A Fair Deal
It is hard to determine whether consistency or fairness is the more important skill for a teacher. Students do not respect inconsistent teachers. However, they have a real problem with teachers they perceive as unfair.
If you think back to your time as a student, you can probably remember at least one teacher you or your fellow students thought was unfair. This might have been someone who favored a certain group of students or someone whose rules seemed almost arbitrary. In the end, though, this teacher probably lost the respect of most students.
What Fairness Means in Practice
Fairness pervades your classroom environment. Students are very perceptive and will judge how fair you are as a teacher based on your daily actions. If you consistently enforce rules in the same manner for all students, then you will be perceived as fair. However, if you allow one student but not others to make up late work, this will be seen as unfair by your class.
Are there situations in which you want to act in a manner that might be seen as unfair? Sure there are. It can be very tough, for example, to enforce a rule broken by a normally excellent student. So, you need a hierarchy of response built into your system of positive and negative reinforcements.
In other words, as a student breaks more rules, the punishment should change. This will help you in your effort to be fair. The student who makes one mistake will not be punished the same as one who makes many.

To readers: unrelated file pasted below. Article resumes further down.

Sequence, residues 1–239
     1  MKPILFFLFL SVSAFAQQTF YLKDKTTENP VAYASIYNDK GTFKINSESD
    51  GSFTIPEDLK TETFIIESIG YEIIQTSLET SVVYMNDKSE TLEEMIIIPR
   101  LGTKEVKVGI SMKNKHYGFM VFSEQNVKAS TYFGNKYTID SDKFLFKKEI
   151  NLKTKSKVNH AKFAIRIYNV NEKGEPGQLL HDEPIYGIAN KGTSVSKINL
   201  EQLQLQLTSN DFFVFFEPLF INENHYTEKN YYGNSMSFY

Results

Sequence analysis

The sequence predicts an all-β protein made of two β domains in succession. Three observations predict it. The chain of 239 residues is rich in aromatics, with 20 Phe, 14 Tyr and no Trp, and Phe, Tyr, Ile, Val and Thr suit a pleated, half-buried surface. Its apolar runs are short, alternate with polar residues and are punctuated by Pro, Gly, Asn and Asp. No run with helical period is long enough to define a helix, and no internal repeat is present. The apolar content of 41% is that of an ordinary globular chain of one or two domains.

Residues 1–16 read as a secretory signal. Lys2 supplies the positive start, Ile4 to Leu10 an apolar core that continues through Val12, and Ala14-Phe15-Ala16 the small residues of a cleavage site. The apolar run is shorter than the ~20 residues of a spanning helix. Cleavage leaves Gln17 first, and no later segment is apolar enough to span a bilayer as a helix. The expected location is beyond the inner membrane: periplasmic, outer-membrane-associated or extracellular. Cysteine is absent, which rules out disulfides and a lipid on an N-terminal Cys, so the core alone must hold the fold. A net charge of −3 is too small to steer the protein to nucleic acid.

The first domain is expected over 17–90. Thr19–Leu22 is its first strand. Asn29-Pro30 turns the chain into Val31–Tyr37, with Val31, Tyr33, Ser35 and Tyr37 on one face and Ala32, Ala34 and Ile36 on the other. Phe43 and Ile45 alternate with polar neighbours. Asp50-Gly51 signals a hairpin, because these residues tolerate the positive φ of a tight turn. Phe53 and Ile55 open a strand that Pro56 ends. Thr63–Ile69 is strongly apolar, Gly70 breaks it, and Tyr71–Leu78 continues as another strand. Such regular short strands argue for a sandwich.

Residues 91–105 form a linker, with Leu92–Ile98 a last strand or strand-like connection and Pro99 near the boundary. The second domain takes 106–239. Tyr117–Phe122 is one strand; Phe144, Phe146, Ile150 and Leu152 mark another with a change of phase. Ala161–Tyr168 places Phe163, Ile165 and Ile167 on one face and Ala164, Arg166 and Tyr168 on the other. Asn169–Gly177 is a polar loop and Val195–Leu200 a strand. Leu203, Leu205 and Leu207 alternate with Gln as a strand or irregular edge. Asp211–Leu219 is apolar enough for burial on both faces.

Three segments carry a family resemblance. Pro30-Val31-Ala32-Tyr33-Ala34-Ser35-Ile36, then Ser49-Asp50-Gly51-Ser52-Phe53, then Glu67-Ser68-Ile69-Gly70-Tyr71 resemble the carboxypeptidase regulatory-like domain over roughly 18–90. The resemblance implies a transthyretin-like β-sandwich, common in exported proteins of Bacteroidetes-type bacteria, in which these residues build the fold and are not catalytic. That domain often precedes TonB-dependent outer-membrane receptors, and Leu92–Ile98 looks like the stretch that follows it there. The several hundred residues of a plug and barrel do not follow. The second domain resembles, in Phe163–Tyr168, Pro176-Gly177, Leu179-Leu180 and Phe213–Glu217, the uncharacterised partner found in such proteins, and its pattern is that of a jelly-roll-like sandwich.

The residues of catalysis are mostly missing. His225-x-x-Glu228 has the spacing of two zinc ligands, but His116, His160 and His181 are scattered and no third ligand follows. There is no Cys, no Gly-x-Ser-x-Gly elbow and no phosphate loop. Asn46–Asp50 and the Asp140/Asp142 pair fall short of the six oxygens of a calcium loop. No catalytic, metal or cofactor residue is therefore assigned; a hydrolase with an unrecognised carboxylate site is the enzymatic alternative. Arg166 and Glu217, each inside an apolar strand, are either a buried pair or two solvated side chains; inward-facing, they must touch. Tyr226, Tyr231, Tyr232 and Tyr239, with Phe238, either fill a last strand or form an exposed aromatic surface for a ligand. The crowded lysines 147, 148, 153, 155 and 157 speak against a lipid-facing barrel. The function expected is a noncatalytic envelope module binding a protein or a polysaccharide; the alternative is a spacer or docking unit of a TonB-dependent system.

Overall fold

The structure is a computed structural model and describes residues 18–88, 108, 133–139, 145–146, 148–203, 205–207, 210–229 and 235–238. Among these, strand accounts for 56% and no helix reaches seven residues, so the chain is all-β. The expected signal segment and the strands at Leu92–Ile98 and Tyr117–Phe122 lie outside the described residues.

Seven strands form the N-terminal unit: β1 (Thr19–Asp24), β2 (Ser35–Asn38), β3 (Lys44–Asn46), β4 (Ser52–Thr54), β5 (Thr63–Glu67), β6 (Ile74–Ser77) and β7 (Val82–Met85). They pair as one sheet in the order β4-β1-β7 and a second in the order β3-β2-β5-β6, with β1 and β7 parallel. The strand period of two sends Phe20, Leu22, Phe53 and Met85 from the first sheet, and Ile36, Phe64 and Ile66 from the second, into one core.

Whether accurate or not, students have their own sense of what is fair. Realize that your goals are not necessarily the same, but remember that a perception of fairness is very important. Therefore, take some time to observe and talk to your students to determine their attitudes about fairness.
It can also be very difficult to act fairly to a student who is normally disruptive. However, experience proves that if you treat each day as a clean slate in terms of your reactions to the students, you will find that their behavior will not be quite as extreme. If there are students who are perpetually in trouble, they will expect you to treat them more harshly, thus giving them no incentive to try to act better.
However, if you surprise them by not holding grudges, you in turn may be pleasantly surprised by the results. This does not mean that students should go unpunished for their offenses. It just means that you need to watch your actions and attitude when approaching these students each day.
Fairness Is a Learned Behavior
It is possible to train yourself to be fairer as a teacher. Take stock of your actions at the end of each day to see where you might not have acted fairly. Give yourself time before making decisions concerning discipline in your classroom. Sometimes giving the disruptive student and yourself a cooling-off period will allow you to approach the situation more rationally. Everyone makes mistakes, and no one is fair all the time. However, students will notice and appreciate your attempts to treat all students equally and with an equal measure of respect every day.